Member Spotlight - August 2020
Wednesday, July 29, 2020
Posted by: Blake Manz
Roger Lovelace is the new President of WAPA for 2020. Roger received his associates from UW-Baraboo/Suak County and Bachelor of Physician Assistant at UW-Madison. Aside from his time in the Army, his recent service with the National Guard has him returning from an Egypt deployment.
You became President of WAPA as of July 1, 2020. What do you hope to accomplish during your time in office.
I campaigned on increasing membership and building the Leadership coalition. Recent events and COVID have added to what I want to accomplish.
- See CARES across the finish line, if not this session then in the next.
- Oversee the building of WAPA's new Diversity Committee and initiative along with our new Diversity Chair Jackie Oraedu.
- Increase membership.
- Build the Leadership Coalition to include our NP colleagues.
Tell us about your education and career thus far.
Education: Started with an Radiology Tech degree through the Army. Got my Associate degree at UW-Baraboo/Suak County and Bachelor of Physician Assistant at UW-Madison. I received my MPAS from University of Nebraska Medical Center. My Doctor of Health Science degree from AT Still University and am currently working through my MBA with Western Governor's University.
Career: After the Army, I worked various jobs in radiology until I got my first PA job at Richland Medical Center in Richland Center, WI. I worked there for a year before getting my current job at Marshfield Clinic Health System in neurosurgery. I have been here 13 years. For the last 2 plus years I have been working to establish APC leadership within MCHS. I have been the Chair of the Advance Practice Clinician Advisory Council for 2 years. In addition to my work with WAPA, I was the National Guard Director on the Society of Army Physician Assistants (SAPA) national board of directors for 3 years from 2015-2017.
Military Career: I started in the Marine Corp Reserve, did a stint in the Army on active duty, and the remainder in the Army National Guard. I am closing in on 22 years total in the military. I was promoted to major in August 2019.
You have been very busy with the National Guard this past year. What experiences have you had?
I had a 4 month deployment from November 2019 to March 2020 of which I spent 3 months in Egypt. I was the medical provider for a Guam National Guard unit on deployment to the Multinational Force and Observers mission. The MFO mission is the peacekeeping force between Egypt and Israel. During that deployment I also had the opportunity to see the Pyramids and to visit Israel. Deploying in support of America's mission abroad is truly humbling, but even more humbling is what I was doing from March to June this year. If you join the National Guard you know in addition to federal support, you can be called upon in times of state emergency. State activation means we are helping our family, friends, and neighbors right here in Wisconsin. The National Guard is doing great things in response to COVID. During my time I was in charge of soldiers who were manning missions at isolation centers, augmenting nursing home staff, testing for COVID, educating corrections personnel in COVID procedures, and setting up and staffing of an overflow center for COVID patients. The National Guard will be active in response to COVID likely through the end of the year or longer.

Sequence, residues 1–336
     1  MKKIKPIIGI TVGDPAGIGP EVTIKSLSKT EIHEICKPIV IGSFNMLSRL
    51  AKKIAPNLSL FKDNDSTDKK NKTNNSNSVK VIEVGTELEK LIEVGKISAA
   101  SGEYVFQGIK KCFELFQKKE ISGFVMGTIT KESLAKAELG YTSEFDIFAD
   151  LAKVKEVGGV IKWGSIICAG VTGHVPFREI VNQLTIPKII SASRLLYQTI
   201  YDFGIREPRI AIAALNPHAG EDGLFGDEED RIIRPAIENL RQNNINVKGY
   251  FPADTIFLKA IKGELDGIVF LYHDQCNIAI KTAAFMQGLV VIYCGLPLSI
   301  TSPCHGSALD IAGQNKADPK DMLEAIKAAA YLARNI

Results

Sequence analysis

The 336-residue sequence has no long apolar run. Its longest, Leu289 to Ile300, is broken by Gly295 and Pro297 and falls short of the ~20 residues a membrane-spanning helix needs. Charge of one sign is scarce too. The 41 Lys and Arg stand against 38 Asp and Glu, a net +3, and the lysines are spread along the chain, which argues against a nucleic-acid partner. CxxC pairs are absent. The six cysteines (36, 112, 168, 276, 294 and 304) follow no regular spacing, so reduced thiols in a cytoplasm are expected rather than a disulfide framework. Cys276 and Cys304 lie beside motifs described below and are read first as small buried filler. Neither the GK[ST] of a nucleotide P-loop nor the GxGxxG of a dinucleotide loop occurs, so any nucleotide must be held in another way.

How has Covid impacted you and your colleagues?
Like all health systems in the state and country, we initially shut down all elective care in our system for about 6 weeks. Our system has been adding back services for about the last 6-8 weeks. Our department is 5 PAs. For about 2 month two of us were on active duty leaving the other 3 to carry the weight of a 5 person practice. We have all had to endure the catch up phase with elective surgeries and have a higher volume of telehealth or telehome visits. Oh and of course masks and heightened PPE everywhere.
What are your hopes for the PA profession in Wisconsin and nationwide.
I hope to get to a future were all providers, PAs, NPs, and MDs, realize we all have a role to play, all have the training to do it, and work together without trying to one up each other and fighting. I envision eventually having to have a doctorate as an entry level degree for PAs. Additionally, though not a requirement, I see fellowship or resident training for PAs becoming more common.
I eventually want to see PAs work with NPs in the state to get entry to practice legislation in the state of Wisconsin. What that means is both professions would need to maintain collaborative agreements upon graduation for a set number of hours. After that the state would not require the APC to maintain the collaborative agreement with the state. Minnesota currently has this legislation for its NPs.
What are your hobbies and interests outside of work?
Hunting, golf, bowling, and school. Just joking about the school, but I have basically been a student my whole adult life so maybe I'm not. Family and friends are really important to me. I do most things in my life in support of those I love.